I have read up on DNS which basically means that it translate my domain name into an ip address. So just to confirm when i do a nslookup on cmd, i get e.g


Default server: ps4.example.org --> this is my fully qualified DN?
Address: --> this is my preferred DNS ?

My main objective is to create a DNS to direct traffic between 2 PCs. I do not understand how MX and A record works even after reading up. And how do i check it?

Update: Just to clarify, i have an internal IP add and a DNS server(preferred DNS in the settings). What is this DNS server referring to?

2 Answers 2


nslookup is a program that lets you query information about domains. This information must come from a DNS server.

When you type nslookup into the command prompt, it starts the nslookup program and initialise the default DNS server to ps4.example.org with associated IP address of This is the DNS server that will answer your subsequent queries about domains.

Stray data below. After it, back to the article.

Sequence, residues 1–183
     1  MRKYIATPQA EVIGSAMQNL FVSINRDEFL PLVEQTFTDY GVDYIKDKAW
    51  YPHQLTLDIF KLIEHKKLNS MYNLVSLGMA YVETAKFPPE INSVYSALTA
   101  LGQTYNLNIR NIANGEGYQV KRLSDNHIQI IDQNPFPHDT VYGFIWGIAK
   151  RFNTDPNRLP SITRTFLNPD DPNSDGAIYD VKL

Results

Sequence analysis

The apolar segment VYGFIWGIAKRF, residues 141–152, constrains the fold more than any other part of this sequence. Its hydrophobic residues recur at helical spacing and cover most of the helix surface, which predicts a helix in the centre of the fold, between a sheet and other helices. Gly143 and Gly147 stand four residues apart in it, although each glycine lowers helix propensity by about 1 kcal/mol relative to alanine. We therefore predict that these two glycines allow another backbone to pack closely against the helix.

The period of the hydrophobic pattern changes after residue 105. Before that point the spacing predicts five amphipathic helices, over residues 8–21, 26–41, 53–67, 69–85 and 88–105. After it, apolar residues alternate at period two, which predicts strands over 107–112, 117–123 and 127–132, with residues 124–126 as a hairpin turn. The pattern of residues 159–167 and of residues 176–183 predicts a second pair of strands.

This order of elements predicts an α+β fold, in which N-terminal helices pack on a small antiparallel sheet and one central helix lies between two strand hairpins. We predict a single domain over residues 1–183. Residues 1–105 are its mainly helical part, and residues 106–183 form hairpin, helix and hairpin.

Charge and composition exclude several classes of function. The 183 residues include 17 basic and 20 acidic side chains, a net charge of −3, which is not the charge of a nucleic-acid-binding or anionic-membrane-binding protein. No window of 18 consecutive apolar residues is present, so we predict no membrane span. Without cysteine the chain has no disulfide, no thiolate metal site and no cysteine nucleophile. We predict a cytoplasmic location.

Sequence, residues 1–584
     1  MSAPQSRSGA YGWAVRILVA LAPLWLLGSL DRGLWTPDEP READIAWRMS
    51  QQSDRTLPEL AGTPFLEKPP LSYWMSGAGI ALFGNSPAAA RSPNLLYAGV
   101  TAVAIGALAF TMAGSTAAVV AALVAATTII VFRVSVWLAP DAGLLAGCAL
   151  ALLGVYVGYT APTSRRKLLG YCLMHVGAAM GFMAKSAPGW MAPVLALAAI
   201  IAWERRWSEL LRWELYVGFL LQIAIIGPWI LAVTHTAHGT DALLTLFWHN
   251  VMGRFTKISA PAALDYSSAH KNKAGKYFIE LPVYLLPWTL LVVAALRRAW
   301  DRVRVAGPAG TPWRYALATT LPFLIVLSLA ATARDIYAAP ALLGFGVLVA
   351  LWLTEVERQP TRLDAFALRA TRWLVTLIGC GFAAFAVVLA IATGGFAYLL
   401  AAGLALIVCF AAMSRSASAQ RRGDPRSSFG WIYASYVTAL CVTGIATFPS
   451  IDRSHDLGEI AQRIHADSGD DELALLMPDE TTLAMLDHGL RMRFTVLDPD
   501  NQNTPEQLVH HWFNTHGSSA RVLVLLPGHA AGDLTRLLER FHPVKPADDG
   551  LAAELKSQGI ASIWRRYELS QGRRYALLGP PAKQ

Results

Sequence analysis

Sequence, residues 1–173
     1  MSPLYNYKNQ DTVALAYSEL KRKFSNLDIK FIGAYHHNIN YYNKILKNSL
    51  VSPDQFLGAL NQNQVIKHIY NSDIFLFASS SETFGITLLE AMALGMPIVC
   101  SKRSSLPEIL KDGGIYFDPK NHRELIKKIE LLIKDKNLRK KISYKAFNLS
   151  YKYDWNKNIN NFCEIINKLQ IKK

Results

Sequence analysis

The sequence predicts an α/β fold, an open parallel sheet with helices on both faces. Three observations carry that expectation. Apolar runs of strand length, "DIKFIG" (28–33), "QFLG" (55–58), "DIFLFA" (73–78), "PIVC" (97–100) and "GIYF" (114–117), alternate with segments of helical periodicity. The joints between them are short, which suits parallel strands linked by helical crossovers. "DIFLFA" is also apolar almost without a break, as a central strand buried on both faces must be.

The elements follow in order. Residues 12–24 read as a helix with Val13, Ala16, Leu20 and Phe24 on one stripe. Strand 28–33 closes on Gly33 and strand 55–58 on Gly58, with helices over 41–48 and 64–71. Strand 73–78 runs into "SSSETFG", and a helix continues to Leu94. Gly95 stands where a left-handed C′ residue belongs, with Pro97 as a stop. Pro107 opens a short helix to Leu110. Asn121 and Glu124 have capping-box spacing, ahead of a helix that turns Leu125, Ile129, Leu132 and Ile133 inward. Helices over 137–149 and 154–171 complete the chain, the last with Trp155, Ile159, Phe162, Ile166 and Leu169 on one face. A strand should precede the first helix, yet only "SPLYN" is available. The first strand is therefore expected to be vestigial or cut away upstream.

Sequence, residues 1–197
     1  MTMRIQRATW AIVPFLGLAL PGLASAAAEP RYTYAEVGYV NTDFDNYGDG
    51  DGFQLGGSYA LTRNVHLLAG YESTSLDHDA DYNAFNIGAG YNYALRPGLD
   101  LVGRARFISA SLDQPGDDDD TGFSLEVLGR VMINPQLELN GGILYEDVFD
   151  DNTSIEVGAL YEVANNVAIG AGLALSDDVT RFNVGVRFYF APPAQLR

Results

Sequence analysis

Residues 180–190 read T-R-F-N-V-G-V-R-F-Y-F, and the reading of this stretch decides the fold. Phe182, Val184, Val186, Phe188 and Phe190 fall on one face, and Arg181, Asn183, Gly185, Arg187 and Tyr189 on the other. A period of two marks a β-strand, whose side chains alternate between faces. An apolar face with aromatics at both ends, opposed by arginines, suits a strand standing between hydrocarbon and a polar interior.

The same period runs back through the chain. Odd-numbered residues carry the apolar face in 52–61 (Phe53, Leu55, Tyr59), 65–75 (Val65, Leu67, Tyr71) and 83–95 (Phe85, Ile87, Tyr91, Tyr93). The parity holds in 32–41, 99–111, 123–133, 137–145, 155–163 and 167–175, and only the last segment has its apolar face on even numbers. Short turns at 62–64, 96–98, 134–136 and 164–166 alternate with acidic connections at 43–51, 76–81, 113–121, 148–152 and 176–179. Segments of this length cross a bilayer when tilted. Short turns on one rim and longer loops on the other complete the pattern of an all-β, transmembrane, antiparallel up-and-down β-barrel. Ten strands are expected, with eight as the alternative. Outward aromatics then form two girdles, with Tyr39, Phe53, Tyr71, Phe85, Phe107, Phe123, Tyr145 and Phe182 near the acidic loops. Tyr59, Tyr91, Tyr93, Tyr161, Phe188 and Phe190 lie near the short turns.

To check for MX record, you supply nslookup program with more commands

set type=mx

Similarly, to check for A record,

set type=a

You can read up more about what nslookup does.

You do not have to use DNS per-se if it is just for your home network. You can use the computer name if you do not want to use IP. Otherwise, you have to read up on DNS servers instead of DNS records.

  • So what does it mean if i am checking for the mx record of google.com?
    – ps4one
    Sep 11, 2014 at 3:34
  • For beginners, you might want to think that domain and IP are just names that identify a particular server. When you check the MX, it gives you a bunch of domain and IP. This just tells you what are the servers that manage Mail Exchange for [email protected] email addresses.
    – Jake
    Sep 11, 2014 at 3:36

result you posted above means:

ps4.example.org - this is FQDN (fully qualified domain name) for the DNS server - this is DNS IP address

In other words, this is the destination which gives you answer to your DNS requests. Instead of using DNS you can simplify your solution and use /etc/hosts (linux) or "lmhosts" file (windows, however I'm not sure about this one).
As far as MX records: this is something which you can not handle in above mentioned files, you will need to set up your own DNS.

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